This section focuses on work done and offered to teachers and schools in face to face workshop mode. LDG has designed and conducted workshops on general methods of classroom teaching since 1992. Moving with the times, the workshops have incorporated various teaching technologies, methods and behaviours which are aligned to the learners of today. Here is a write up on the generic workshops that are on offer.
Education is constantly under development. New models are conceived and tested over various teaching situations to establish a model that works well in most cases. In keeping with the research our teachers need to be regularly updated with concepts that, once learned are soon forgotten if not practised. Teaching Concepts are Models, when done in a practical, user-friendly manner, empower the participants to try these concepts in their own classrooms.
Understanding Bloom’s Taxonomy
Benjamin Bloom left the community with much to think about when he defined his levels of mental complexity. How do we use these every day in the classroom? How to we vary the use of these levels across subjects and learning levels? This workshop explores some best practices in teaching to the level of the students while giving some insights on setting of better question papers.
- Understanding levels of complexity and Bloom’s theories
- Working with the taxonomy – asking questions, setting tasks
- Matching learning with behaviour as defined by the taxonomy
- Setting better questions – a better structured question paper
Using Multiple Intelligences in the Classroom
By the end of the workshop participants will be able to
- explain the basic theories behind MI and its use in the classroom
- identify the various learning styles adopted by the students in their own classrooms
- prepare lesson plans that cater to multiple intelligences
- guide parents in understanding variations in the way their children respond to situations
Mathland – Creating Math Cultures in the Classroom
This workshop, based on the works of Jean Piaget, Seymour Papert, Sheila Tobias, Marilyn Curtain-Philips and John Holt is designed for Primary and Middle school teachers who may not be specifically Math teachers but who are teaching math.
General Learning Objectives:
- To examine the causes of what is generally called “mathophobia” in students and teachers
- To help teachers overcome their own fear of math and build the confidence to teach math cheerfully
- To see how creating a conducive environment in the classroom can help inculcate an aptitude for maths, curiosity and scientific temper
- To help teachers to consciously build a “mathland” within the classroom.
Teaching Without Tears
This group of workshops is not restricted to any specific level or group of subjects. The concepts and skills dealt with in each of these workshops are generic in nature and can be applied anywhere. These sessions on classroom management are based on the facilitator’s own experiences and training in specific models over time.
The Teacher Makes the Difference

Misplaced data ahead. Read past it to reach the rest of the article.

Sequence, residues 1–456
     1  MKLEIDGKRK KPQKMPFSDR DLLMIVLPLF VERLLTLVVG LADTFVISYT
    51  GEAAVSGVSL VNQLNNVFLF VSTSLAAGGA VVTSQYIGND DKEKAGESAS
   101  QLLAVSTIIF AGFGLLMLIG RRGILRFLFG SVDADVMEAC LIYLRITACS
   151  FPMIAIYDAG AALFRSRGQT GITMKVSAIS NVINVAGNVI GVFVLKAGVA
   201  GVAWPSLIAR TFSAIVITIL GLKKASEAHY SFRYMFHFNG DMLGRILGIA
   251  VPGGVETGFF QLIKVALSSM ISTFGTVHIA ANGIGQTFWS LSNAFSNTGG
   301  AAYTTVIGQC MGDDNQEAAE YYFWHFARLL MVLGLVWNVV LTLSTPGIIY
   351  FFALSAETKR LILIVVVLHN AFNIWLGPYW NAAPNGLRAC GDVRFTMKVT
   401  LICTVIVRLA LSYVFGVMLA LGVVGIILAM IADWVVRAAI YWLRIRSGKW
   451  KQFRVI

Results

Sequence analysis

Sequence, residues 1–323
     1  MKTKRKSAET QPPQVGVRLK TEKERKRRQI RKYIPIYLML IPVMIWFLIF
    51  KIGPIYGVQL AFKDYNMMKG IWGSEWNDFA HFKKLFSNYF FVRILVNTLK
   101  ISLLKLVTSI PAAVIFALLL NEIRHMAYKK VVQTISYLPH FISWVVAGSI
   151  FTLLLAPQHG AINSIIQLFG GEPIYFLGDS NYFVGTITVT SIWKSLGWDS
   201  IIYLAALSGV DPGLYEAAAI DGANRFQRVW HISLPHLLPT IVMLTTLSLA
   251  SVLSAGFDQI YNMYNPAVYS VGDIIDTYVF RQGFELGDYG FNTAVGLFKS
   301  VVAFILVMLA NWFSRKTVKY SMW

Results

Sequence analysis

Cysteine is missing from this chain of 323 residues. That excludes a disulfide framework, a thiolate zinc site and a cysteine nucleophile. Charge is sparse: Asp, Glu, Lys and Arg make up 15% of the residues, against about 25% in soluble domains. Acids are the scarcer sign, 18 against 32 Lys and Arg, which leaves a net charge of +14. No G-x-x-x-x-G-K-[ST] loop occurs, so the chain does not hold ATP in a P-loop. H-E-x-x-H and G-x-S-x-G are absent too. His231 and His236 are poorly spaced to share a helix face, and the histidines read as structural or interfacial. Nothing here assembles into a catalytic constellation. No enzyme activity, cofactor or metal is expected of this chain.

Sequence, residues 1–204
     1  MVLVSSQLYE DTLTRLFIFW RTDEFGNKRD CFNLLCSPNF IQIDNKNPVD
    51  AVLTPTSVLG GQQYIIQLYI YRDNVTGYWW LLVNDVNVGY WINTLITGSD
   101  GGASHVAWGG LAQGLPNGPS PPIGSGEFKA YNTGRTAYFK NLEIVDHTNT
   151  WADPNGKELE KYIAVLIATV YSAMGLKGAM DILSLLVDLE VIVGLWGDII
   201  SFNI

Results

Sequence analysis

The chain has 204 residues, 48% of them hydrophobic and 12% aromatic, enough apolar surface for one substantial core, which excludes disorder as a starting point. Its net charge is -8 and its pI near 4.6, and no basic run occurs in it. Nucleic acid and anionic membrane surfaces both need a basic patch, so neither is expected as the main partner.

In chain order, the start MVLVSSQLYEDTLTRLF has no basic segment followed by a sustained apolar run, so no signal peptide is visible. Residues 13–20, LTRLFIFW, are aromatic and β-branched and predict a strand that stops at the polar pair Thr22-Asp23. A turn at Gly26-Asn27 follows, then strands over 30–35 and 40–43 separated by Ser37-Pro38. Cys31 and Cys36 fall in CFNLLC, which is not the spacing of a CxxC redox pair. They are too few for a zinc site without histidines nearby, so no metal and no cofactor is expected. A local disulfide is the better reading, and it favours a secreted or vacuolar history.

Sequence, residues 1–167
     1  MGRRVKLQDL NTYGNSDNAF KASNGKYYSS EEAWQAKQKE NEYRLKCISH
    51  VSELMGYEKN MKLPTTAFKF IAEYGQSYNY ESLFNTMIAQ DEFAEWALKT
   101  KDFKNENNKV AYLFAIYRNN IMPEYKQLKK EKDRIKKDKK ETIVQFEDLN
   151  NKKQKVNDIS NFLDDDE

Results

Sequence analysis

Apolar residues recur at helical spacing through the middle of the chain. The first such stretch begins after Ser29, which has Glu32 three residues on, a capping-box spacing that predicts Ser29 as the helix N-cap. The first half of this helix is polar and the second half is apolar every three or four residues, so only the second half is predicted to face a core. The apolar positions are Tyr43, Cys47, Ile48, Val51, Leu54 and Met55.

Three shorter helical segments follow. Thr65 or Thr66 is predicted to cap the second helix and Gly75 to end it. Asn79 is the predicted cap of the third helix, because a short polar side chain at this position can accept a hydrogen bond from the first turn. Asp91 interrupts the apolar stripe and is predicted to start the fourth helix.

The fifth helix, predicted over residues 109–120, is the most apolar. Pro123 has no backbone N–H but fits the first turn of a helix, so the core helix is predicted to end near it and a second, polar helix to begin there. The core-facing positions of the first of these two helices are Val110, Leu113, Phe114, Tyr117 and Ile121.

Teachers will engage with principles of learning that will help them to see the powerful effect the teacher has on the learning space and the students in his/her care. More specifically, the program will uncover the following ideas:
- Essential characteristics of effective teachers.
- Assumptions that teachers make in approaching learning.
- Steps to becoming more effective as a teacher.
- Motivating learners in modern classrooms.
- Teacher behaviour that promotes long term learning.
Designing Active Lessons
This module demonstrates the various strategies that a teacher can adopt at different points in a lesson to encourage participation and active learning. Content includes:
- What makes Lessons active? The four essential elements.
- Writing and teaching to Learning Outcomes.
- Promoting Active Participation through activity, chunking the lesson.
- Using Questions and Questioning Techniques to encourage thinking at different levels.
- Practising new skills using Microteaching.
Understanding the School Climate, the role of the Teacher
Every school has something unique and exclusive to its position in society. This is manifested in many ways, through students, administrators, society and the teachers. It helps a school to be in sync with the way it is seen in society and orientation of its teachers helps achieve this target.
Teachers should be able to articulate the purpose and vision of the School and the beliefs of the stakeholders. They will also understand the school climate, its position in the community and identify steps towards maintaining and rebuilding the image where necessary. Topics include:
- Purpose of the school, position in the social structure of the region/city.
- Our School – its signs and symbols, meaning for learners, disseminating this to all.
- Analysing the School Climate – aspects of leadership, teaching, learning, home environment, discipline are analysed through surveys and presentation of information.
- Role of a teacher in developing the school climate through daily interactions.